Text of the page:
I’m having trouble feeling comfortable working from home. It seems like someone in my family always needs me, or I get distracted with domestic chores. Any suggestions?Solo Entrepreneurship is an amazing journey! However, it can also be extremely isolating if we aren’t careful. I think it comes down to organization and setting boundaries. Here are some great points to consider if you are facing a few struggles:

  1. Be sure you have a dedicated “office” space within your home. Setting up on the kitchen table will always feel “temporary” as you have to clean up and re-group if you ever want to feed anyone! However, you don’t want your office space to feel like a jail cell either, so look around your home and find a nice, bright corner or extra room that you can claim for your own. You want to feel happy and inspired in that space, so go for natural light and whatever else makes you feel good.
  2. Chunk your Calendar. I think it was Jen Cochrane, Gifted Travel Network’s brilliant COO, who came up with this term and it is GENIUS! Use a good electronic calendar like Google Calendar or Outlook and block out time every single week for you to be focused solely on your travel business tasks. Make sure your family “gets the memo” and then, HONOR THIS TIME! Hold your business time sacred. It is no less important than if you were employed by someone else and had job responsibilities. And, in this case, your boss is totally AWESOME!
  3. Set Boundaries – and keep them! Look closely at your weekly schedule and set your business hours based on a realistic view of when you are willing to be dealing with clients. If you pick your kids up from school at 2:45, schedule your lunch hour for 2:30 – 3:30 daily, for example, so you can be present for your kids as well as for your clients. Once you determine your “open” hours (it’s fine to say something like “weekends by appointment only”), publish them on your website, blog, Facebook page, or wherever you communicate with your prospects and clients. Have a phone system where you can tell if the incoming calls are work or personal and only answer the work-related calls during your open hours – send the business inquiries to voice mail. And, only call clients back within your open hours, or you will set a precedent that you are available all the time. This sounds rigid, I know, but you have to train people how to do business with you. Obviously, if you have clients traveling and there is an emergency, you will want to be available, but not for regular business transactions.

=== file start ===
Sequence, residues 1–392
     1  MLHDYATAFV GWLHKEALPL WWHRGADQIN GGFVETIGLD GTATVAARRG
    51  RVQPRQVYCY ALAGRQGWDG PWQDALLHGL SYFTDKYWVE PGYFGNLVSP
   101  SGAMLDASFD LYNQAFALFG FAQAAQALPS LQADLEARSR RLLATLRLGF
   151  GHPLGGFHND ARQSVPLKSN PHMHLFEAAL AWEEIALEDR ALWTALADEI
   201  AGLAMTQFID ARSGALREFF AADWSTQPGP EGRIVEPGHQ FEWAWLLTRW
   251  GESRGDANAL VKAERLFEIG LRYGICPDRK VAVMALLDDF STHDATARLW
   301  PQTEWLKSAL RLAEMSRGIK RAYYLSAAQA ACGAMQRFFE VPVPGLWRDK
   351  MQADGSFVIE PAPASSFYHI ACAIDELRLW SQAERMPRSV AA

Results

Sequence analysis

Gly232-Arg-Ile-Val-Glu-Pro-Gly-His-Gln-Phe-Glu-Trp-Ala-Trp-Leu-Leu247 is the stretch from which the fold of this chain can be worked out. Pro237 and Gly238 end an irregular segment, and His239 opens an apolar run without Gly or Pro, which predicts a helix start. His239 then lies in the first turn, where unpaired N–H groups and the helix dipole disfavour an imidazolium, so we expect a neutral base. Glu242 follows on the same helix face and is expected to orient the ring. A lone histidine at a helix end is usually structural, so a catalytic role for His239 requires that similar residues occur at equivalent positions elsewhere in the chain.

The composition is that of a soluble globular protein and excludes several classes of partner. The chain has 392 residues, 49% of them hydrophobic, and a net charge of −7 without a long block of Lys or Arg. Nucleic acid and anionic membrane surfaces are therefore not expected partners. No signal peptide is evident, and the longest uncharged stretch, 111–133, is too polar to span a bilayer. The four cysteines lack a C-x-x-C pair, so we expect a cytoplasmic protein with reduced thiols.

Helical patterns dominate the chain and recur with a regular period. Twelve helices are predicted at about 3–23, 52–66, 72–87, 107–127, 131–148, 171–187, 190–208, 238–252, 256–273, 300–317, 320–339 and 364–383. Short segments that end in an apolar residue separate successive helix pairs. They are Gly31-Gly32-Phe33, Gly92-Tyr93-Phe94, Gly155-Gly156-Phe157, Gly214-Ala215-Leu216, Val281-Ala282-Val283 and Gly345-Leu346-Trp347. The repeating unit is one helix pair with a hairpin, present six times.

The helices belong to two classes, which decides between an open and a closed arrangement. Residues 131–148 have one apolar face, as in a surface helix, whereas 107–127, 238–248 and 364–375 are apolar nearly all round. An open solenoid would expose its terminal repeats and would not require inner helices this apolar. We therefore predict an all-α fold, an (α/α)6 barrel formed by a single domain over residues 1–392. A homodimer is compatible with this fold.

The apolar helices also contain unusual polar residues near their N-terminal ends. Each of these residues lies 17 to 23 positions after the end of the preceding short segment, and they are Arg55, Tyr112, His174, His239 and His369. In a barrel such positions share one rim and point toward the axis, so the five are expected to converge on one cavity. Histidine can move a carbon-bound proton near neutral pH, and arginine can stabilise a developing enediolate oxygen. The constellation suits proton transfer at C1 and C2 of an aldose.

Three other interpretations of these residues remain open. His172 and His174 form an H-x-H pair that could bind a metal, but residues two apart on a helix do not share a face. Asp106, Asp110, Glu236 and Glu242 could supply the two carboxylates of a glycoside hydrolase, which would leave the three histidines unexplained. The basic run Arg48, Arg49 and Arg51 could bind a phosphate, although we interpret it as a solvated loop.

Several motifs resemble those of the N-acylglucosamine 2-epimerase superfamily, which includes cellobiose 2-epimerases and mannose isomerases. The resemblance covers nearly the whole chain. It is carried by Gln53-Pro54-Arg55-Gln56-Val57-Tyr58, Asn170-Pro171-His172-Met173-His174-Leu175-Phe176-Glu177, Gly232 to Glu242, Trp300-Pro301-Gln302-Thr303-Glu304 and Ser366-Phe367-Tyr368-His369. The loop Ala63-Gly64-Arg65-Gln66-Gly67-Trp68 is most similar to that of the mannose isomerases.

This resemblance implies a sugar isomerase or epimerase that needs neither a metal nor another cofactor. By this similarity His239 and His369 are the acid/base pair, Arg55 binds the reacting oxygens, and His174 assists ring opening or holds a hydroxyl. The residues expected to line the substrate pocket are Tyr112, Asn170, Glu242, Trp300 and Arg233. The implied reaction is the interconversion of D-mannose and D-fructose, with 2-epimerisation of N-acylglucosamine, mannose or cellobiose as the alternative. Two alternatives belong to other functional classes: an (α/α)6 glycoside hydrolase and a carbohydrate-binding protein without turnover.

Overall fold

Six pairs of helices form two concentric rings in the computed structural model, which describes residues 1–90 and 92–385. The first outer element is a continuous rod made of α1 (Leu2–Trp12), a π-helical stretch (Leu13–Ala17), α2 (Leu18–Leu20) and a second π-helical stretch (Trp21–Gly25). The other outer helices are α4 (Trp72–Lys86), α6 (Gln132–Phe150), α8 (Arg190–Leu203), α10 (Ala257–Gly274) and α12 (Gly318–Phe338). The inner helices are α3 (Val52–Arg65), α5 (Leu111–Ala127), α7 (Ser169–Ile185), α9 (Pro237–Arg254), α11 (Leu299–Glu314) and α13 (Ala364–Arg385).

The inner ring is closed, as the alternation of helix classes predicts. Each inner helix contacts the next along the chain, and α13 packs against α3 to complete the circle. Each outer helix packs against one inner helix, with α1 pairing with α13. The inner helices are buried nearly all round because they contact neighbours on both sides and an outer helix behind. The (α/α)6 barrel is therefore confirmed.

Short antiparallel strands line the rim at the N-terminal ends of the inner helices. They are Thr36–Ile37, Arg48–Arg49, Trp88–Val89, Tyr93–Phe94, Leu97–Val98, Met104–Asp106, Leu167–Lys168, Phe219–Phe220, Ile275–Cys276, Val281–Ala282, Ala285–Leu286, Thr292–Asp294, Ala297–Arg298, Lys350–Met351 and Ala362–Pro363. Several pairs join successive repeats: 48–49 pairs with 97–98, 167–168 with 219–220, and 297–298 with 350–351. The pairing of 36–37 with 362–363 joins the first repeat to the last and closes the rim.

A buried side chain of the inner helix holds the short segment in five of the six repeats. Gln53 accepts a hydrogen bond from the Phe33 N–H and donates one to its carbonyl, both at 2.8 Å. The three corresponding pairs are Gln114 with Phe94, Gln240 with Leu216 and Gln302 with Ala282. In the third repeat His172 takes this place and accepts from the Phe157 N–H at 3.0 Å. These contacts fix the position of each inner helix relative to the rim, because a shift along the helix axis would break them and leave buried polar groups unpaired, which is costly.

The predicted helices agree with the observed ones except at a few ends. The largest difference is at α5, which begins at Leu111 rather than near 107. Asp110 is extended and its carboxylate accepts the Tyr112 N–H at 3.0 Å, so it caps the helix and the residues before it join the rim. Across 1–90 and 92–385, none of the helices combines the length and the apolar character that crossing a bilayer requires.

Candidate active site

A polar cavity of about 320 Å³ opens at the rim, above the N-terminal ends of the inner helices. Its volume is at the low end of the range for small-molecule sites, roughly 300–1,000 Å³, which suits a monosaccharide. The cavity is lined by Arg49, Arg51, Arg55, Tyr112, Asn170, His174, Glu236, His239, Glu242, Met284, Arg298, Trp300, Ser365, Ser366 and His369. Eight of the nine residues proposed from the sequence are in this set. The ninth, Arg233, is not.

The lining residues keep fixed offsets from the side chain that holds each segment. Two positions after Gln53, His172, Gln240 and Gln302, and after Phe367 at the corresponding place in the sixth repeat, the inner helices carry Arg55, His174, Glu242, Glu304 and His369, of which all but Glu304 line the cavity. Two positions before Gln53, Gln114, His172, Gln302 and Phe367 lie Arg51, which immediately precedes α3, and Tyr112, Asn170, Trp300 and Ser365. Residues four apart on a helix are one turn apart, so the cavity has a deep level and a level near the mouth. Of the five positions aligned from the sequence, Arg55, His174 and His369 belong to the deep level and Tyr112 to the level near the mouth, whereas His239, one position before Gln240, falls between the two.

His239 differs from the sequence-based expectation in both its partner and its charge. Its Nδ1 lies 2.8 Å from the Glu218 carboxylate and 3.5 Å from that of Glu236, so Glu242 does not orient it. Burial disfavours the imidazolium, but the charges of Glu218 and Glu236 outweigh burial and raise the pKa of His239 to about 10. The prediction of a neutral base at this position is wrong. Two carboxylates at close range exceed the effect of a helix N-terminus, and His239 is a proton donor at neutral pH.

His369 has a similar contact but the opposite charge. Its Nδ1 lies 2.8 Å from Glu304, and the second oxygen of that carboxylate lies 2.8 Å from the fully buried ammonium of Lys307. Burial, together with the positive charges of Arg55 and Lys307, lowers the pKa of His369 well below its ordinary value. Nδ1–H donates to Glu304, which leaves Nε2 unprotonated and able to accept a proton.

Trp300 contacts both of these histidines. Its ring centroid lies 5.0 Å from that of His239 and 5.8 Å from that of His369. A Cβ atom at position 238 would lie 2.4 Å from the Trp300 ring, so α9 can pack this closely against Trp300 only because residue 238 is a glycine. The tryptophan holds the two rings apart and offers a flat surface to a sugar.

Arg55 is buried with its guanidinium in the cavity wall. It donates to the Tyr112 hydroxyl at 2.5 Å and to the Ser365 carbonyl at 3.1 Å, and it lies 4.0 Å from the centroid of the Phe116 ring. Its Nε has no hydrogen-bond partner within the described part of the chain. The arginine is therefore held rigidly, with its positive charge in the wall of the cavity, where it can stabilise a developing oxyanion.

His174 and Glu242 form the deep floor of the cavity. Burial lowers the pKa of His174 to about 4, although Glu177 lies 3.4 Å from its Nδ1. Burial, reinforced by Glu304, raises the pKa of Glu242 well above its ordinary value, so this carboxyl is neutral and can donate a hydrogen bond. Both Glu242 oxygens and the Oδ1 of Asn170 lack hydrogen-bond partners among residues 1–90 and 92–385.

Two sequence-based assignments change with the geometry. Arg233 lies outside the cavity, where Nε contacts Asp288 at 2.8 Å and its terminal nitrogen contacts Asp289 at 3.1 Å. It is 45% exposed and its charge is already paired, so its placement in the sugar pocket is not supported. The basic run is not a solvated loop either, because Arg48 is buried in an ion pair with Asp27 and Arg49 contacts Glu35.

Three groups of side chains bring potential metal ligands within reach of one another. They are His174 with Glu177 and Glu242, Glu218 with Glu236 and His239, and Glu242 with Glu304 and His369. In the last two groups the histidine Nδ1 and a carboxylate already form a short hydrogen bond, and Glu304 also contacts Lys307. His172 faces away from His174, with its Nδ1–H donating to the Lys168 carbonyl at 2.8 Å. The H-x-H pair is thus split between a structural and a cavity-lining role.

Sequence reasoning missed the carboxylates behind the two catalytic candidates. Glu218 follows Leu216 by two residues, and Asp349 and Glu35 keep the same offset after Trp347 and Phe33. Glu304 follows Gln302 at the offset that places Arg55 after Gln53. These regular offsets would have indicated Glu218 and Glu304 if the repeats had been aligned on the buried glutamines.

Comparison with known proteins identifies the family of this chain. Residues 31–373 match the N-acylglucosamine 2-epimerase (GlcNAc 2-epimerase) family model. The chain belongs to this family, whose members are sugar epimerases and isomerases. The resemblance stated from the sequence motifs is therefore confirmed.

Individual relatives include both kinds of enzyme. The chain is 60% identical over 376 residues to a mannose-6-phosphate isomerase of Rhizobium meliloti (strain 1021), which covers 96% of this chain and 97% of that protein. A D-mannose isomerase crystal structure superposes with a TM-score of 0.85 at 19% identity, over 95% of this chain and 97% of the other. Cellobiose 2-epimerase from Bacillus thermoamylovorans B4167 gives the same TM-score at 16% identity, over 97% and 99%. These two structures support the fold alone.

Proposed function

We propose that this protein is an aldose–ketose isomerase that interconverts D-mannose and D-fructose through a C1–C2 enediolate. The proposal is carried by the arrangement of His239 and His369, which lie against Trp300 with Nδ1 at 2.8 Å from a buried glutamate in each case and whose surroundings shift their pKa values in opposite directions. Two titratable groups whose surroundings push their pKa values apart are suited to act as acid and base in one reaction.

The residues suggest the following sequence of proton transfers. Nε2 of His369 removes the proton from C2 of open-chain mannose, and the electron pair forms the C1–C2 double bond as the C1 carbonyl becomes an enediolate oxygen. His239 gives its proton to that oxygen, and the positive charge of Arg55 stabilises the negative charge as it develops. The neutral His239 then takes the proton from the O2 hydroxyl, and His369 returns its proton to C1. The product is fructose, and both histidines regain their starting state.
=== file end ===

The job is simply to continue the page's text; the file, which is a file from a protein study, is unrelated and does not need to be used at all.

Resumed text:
4. Surround yourself with people who support you. You might have the most supportive spouse, kids, friends, and neighbors in the world…or you might not! I have coached quite a few new travel professionals who were struggling with not having the full support of their “inner circle” and it can be tough. It’s important to keep your family & friends informed of your excitement and of your challenges, but you need more than just their support. A “tribe” of like-minded people who are going through the same thing you are (or who have already been there) is CRITICAL. Joining a training program or host agency that provides a strong “family feel” and is focused on connecting you with others around the country who “get it” is a vital part of success. You don’t feel like you are out there on your own and always have an understanding ear to bounce ideas off of.

So, go ahead and set yourself up for success. You’ve GOT THIS!